Leading bloodstock man and a top Gr1 owner in his own right, John Freeman has never been a puppet of officialdom. While he has personally played a key role in the evolution of the succesful Snaith team who smashed all records on Met day, he wasn’t raving about the side-show entertainment, that appears to have become the standard on our big days.
John writes in his E-news 561:
I started to write about the disturbing new dimension that has been introduced to top level racing in South Africa a few days ago. I thought I’d leave what I had written and rethink it after the dust had settled. I find this new development of entertainment at race meetings frightening – I was told that I am the only one to have complained.
This new concept is unique in the world of racing. BOOM BOOM GRRR GRRR heavy-base rave-sound trance music is now being played at race meetings to attract younger people to the course like nowhere else on earth. Sadly the ravers attend these events for anything other than the horses.
I watched carefully as they moved en-masse from one trance-party to the next. There were 5 competing events, each trying to outdo the other with volume to attract the party goers.
Does anyone think these youngsters will stay when the music gets turned off?
Those of us that were there for the actual racing could hardly hear a commentary, even with the TV on maximum volume and huddled behind closed doors, standing within a meter of the TV.
Sadly as the day wore on it got worse. I have attended racing festivals at almost every major racing jurisdiction in the world, some many times, and I have never seen anything like this before.
This need for a disco in the open on a major raceday first popped up at the Durban July a few years ago. That at least was moderate by comparison and sort of under control during the parade and actual races.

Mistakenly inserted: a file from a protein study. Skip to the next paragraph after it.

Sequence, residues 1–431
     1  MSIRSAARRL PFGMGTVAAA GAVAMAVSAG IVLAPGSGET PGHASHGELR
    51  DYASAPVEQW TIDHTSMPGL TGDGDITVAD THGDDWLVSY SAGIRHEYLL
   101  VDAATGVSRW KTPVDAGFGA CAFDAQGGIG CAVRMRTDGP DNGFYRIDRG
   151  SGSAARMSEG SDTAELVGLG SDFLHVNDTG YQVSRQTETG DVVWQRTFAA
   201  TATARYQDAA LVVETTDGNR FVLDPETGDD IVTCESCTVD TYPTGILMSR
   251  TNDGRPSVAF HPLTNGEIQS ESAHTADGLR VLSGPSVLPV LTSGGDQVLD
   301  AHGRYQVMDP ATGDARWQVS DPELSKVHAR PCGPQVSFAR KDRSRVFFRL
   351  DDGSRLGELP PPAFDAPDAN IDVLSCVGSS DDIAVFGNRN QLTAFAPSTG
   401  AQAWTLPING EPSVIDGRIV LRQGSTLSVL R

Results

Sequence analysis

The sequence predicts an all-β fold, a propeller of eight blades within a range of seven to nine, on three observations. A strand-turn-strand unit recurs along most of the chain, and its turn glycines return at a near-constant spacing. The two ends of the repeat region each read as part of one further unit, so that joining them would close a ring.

Then at the Rising Sun Gold Challenge last year I thought I had seen it all. Thousands of people sat riveted to their chairs watching a stage halfway down the straight as this incessant boom-boom music ruined the day for those of us that actually wanted a day at the races.
So we left early despite winning the Gr1 race that day.
I went to Kenilworth on Friday to clean and stock up for the big day. The disco people were already testing their sound systems. I expressed my concerns about the level of noise to the COO and chairman of the local board. I asked for assurance that the level of sound would be reduced for the raceday. It wasn’t.
Racing found it extremely difficult to follow. The announcements and anything to do with racing totally lost in that continual blur of painful noise.
I watched in horror as our poor horses, whose hearing is so much more acute than ours, take the brunt of it. Normally placid young horses shook their heads and fought to escape and some reared.
S’manga Khumalo got thrown by his mount during the parade of the eleventh race – very clearly terrified by the noise.
A replacement jockey had to be found. Few, unless they were actually watching that incident on TV, were aware of the incident. The poor horse sensibly rushed to the parade ring after injuring his jockey. A replacement rider was found (though no-one would know who it was since by that stage we could hear nothing at all, let alone notification of a jockey change).
The horse was taken by his trainer in hand all the way to the start. The last race was the worst of all. I can’t describe how I annoyed I was at witnessing what those poor horses had to endure.
I heard that MJ also got hurt in a fall.
Evidently the new thinking is that loud music and horses belong together. They don’t! I beg them not to let this become a feature of our game. Its dangerous to jockeys and unkind to horses. That’s just not my view – I know that I speak for many who wish they had a platform to join in.
Read the rest of the newsletter here.